MV: We have a steering committee that includes marketing partners and consumer insights team members that drive that. The process includes talking about what data we need, what we think we can do with it, and what the business value is. That prioritizes my team’s development work. Most of it requires building interfaces because the data is in systems we either own or our partners own and have access to. If they have a great API and it’s easy to pull the data we’ll do it. If not we’ll ask them for an output file.
HT: You say if they have an API. How important is it for your technology partners to have open architecture systems?
MV: It’s definitely an absolute must-have with new vendors going forward and vendors we are working with now. It’s really key, especially as mobility becomes more prevalent and there are so many different ways to interface with customers. There has to be a seamless API with the POS, which is the center of everything for a restaurant. We do have a lot of legacy systems that aren’t as good at that and don’t play well, or if they do play well it’s for X number of dollars per month per location. Since we just exceeded 5,000 locations and have a growth strategy, it’s very important for us to not just increase that fee every time we open a restaurant.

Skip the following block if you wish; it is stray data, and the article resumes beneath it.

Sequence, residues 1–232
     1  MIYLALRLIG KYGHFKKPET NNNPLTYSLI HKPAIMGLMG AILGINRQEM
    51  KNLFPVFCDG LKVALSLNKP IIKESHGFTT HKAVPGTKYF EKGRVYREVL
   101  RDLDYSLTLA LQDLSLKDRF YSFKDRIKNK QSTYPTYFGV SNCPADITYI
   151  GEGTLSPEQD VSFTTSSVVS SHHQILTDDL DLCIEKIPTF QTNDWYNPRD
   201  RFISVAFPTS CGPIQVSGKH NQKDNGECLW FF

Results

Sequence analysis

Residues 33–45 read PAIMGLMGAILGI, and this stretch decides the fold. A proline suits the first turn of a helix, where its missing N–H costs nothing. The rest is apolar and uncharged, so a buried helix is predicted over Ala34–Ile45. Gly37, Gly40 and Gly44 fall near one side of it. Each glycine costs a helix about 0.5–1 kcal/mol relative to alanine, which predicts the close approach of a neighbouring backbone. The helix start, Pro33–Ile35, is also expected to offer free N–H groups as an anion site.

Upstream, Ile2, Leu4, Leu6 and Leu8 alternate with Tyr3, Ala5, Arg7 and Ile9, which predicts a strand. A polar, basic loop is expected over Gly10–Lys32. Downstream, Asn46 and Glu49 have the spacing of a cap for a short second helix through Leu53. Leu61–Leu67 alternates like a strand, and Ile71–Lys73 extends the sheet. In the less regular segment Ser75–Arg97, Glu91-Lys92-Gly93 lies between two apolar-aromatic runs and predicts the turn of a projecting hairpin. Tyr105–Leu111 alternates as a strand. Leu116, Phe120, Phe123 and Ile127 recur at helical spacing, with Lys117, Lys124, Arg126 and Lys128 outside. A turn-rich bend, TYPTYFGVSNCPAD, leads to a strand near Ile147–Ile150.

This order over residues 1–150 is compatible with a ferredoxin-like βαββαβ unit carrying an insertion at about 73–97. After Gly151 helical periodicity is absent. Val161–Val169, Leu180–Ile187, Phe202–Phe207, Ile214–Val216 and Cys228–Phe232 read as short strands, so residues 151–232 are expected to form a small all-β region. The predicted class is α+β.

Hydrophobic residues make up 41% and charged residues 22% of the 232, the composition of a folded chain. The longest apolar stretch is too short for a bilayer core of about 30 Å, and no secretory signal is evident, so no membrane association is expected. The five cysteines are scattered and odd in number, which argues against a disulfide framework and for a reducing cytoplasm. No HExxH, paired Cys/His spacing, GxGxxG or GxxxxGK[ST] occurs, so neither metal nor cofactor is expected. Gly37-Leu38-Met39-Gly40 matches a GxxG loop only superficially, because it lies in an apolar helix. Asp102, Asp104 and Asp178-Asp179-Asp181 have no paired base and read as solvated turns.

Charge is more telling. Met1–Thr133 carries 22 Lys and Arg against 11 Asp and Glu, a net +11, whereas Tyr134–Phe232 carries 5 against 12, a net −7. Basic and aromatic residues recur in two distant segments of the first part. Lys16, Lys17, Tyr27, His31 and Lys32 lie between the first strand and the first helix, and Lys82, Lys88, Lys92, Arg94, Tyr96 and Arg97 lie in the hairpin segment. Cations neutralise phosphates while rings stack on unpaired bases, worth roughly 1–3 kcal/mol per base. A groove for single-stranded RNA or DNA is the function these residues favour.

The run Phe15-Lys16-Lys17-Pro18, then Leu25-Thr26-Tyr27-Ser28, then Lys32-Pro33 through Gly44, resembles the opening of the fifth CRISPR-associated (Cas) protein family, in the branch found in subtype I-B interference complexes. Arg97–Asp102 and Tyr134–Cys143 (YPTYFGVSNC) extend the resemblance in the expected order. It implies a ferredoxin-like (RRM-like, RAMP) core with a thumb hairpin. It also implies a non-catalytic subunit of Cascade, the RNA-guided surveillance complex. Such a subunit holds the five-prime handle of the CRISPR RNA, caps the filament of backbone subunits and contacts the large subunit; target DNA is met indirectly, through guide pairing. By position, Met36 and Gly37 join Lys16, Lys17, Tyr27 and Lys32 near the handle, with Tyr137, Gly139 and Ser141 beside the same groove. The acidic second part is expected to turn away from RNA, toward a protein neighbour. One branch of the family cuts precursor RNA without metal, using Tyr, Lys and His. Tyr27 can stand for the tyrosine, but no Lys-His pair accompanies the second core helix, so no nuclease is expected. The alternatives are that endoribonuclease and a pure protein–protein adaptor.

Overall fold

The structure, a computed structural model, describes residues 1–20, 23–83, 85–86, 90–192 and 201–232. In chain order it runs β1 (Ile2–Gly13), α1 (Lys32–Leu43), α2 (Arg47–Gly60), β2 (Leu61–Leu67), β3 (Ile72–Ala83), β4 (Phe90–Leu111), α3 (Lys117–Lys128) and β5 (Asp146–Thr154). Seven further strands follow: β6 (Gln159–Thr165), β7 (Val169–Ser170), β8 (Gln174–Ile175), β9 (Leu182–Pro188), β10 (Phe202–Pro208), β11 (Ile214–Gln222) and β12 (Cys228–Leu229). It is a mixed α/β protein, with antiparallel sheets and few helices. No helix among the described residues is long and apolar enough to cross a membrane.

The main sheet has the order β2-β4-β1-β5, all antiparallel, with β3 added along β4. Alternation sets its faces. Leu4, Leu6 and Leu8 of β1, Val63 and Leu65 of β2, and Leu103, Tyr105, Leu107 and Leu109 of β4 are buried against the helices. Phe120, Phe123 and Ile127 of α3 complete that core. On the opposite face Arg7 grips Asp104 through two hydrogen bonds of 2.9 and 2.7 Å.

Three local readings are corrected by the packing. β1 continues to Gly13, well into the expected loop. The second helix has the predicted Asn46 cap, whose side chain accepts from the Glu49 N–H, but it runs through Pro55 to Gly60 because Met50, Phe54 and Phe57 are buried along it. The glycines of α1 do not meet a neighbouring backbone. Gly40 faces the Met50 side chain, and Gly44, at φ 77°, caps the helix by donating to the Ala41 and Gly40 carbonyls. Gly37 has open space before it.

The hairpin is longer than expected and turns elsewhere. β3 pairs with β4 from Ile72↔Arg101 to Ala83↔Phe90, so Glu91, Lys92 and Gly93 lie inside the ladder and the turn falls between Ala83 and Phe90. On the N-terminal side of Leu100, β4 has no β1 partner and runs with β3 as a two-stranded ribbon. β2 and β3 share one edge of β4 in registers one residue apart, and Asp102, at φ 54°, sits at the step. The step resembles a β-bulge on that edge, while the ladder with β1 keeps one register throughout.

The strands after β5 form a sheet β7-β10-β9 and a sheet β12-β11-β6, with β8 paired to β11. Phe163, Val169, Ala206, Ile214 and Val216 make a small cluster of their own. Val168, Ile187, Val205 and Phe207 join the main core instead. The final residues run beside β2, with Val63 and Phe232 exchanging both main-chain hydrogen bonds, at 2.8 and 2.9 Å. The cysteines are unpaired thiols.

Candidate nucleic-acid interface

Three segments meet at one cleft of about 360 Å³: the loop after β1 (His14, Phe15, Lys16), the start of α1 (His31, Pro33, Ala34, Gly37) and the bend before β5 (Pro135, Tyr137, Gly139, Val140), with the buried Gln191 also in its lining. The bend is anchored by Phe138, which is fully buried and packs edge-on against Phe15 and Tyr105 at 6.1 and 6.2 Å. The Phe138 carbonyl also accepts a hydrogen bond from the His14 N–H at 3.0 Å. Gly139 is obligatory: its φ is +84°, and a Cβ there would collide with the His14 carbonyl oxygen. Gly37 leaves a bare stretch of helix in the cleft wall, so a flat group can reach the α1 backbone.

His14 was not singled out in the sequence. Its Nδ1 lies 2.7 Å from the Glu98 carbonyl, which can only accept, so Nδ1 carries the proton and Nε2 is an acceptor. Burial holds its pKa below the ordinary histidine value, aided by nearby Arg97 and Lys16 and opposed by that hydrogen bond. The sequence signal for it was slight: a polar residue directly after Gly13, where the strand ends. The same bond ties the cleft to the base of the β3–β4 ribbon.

HT: How does mobility play a part in your strategy across FOCUS’ various concepts?
MV: Mobile is table stakes — mobile and online ordering. We’re at the point where a consumer who wants to order something on their phone before they go to the restaurant will bypass the brand if they cannot do so. Uber, for example, offers that frictionless experience. A consumer hits a couple buttons, and everything is done and paid for.
That’s the new standard for how easy things have to be. Look at things like beacon technology, geo-fencing and all the different payment technologies. If the customer is a loyal customer and opts in to the program, they will expect to walk in and be recognized by whatever device and be able to reorder their last or favorite order instantly. Restaurants have to be sure they can provide that experience.
A major component of our digital strategy is to be in all of those places as well as the evolving places –like the partnership we are doing with Postmates as a delivery option. We are working very hard to make sure all our brands are available in all the ways consumers will want to interact with us: mobile ordering, online ordering, online catering, in-store, and we are working with Nextep (www.nextepsystems.com) to make our drive-thrus more efficient with self service kiosks.
HT: Let’s talk about that “frictionless” experience. What do you think is key to making this a reality?